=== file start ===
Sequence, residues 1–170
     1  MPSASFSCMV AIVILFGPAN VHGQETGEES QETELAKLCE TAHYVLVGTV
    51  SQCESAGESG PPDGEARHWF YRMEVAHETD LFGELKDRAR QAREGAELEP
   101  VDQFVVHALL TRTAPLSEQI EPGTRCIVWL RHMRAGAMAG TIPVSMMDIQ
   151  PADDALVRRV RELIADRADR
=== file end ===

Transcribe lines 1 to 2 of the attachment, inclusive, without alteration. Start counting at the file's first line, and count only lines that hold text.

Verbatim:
Sequence, residues 1–170
     1  MPSASFSCMV AIVILFGPAN VHGQETGEES QETELAKLCE TAHYVLVGTV